Christopher Wheeldon was born in Yeovil, Somerset, England. He began his ballet training when he was eight years old at the East Coker Ballet School. In 1993, Wheeldon was invited to become a member of New York City Ballet’s corps de ballet. Wheeldon was promoted to the rank of Soloist in 1998. As a dancer with New York City Ballet, Wheeldon appeared in many works in the repertory, dancing featured roles in George Balanchine’s Divertimento No. 15, The Four Temperaments and Jerome Robbins’ The Concert and The Goldberg Variations. Wheeldon retired from dancing at the end of the Spring 2000 season to concentrate on his choreographic work. Chosen to be New York City Ballet’s first Artist in Residence, he created Polyphonia, which was given its world premiere in May 2001. That same month, Wheeldon was named Resident Choreographer for New York City Ballet. In Spring 2003, Wheeldon created two ballets: Carnival of the Animals, set to the score by Camille Saint-Saens, and Liturgy, a pas de deux, set to music by Arvo Part. In Spring 2004 he choreographed a new Swan Lake for the Pennsylvania Ballet.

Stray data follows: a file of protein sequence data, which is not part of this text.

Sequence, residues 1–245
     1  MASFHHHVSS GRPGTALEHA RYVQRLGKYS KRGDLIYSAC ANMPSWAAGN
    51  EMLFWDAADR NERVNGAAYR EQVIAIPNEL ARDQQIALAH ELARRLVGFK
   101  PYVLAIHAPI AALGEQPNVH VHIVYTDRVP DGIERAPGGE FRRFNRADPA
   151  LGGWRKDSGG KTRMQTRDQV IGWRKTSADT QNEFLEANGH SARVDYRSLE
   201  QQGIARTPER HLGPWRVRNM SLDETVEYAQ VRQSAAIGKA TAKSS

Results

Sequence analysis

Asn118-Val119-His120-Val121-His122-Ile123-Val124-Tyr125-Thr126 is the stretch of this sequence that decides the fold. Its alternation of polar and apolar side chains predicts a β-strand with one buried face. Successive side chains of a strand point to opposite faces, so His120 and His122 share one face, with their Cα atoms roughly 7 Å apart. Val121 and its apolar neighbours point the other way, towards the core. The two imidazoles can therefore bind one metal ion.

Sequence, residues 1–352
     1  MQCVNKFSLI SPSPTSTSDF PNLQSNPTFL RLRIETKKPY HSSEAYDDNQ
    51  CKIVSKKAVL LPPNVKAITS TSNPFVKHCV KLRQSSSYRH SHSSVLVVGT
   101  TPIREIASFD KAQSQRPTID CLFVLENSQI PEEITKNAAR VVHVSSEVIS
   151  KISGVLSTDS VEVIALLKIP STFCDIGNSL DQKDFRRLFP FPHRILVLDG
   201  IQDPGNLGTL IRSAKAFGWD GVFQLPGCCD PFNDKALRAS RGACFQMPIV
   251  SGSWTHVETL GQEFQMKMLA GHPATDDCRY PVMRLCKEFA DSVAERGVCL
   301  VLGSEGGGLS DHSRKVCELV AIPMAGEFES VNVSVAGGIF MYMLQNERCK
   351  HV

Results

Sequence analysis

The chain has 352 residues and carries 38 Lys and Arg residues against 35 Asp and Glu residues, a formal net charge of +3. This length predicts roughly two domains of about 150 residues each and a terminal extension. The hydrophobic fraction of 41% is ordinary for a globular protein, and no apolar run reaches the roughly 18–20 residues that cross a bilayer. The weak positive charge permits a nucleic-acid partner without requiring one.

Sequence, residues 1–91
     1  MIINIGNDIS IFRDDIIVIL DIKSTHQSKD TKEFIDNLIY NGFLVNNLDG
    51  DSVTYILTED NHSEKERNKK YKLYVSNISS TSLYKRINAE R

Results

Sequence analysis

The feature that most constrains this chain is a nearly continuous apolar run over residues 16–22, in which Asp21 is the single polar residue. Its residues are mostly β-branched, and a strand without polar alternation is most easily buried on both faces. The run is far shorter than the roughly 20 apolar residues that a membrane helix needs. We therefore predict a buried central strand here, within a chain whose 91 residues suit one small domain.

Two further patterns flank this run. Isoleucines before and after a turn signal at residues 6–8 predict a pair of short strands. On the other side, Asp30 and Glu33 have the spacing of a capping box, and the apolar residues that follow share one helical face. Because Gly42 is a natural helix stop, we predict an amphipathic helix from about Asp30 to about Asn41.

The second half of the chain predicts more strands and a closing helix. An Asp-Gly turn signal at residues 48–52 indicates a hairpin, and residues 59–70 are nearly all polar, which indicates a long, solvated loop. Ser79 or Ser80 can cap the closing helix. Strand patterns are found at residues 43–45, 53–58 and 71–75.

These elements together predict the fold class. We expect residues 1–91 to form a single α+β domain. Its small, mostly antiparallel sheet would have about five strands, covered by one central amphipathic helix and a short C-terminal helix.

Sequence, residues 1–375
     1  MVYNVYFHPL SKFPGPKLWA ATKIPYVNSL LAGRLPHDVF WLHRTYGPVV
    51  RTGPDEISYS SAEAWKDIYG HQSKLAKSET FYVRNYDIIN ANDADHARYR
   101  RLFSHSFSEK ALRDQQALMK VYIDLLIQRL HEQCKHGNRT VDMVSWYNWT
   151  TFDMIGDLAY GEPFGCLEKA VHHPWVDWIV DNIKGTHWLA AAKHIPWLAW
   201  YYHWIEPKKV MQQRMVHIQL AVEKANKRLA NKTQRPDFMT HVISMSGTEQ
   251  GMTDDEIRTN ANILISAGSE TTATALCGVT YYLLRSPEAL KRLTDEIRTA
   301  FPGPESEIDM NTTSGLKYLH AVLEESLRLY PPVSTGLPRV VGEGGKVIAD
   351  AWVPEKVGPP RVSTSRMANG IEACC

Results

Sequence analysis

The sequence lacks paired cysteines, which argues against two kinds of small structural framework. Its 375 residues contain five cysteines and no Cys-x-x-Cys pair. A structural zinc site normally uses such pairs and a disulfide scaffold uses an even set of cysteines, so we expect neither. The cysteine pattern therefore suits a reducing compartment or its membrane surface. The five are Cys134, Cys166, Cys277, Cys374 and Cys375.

As a choreographer, Wheeldon has also created works for Boston Ballet, The Colorado Ballet, The Royal Ballet, The Royal Ballet School, San Francisco Ballet, The Hamburg Ballet, The Australian Ballet and Pennsylvania Ballet. Some of Wheeldon’s other choreographic credits include: Slavonic Dances (1997), Scènes de Ballet (1999) and Mercurial Maneouvres (2000) for New York City Ballet; Firebird (1999) for Boston Ballet; Sea Pictures (2000) and Continuum (2002) for San Francisco Ballet; VIII (2001) for The Hamburg Ballet; Tryst (2002) for The Royal Ballet, as well as the ballet sequence for the Columbia Pictures feature film Center Stage. Wheeldon made his Broadway choreographic debut in March 2002 with the stage version of the film Sweet Smell of Success. In 1996, he received the Mae L. Wien Award from the School of American Ballet for choreography and, in 1997, the Martin E. Segal Award from Lincoln Center for promising newcomer in choreography, the London Critics’ Circle Award for best new ballet for Polyphonia and the American Choreography Award for best choreography for the movie Center Stage. A production of Polyphonia, performed by New York City Ballet dancers in the Fall of 2002, received the Olivier Award for best new dance production.